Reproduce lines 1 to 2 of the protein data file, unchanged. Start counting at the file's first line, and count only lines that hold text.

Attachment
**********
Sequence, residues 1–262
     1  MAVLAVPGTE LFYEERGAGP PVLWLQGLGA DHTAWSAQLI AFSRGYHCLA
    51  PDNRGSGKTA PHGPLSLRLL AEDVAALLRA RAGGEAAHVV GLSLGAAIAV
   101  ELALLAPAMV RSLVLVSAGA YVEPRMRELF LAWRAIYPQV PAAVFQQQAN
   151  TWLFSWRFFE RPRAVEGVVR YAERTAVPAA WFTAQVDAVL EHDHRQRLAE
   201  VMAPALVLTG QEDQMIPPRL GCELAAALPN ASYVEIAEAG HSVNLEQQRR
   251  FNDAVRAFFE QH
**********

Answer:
Sequence, residues 1–262
     1  MAVLAVPGTE LFYEERGAGP PVLWLQGLGA DHTAWSAQLI AFSRGYHCLA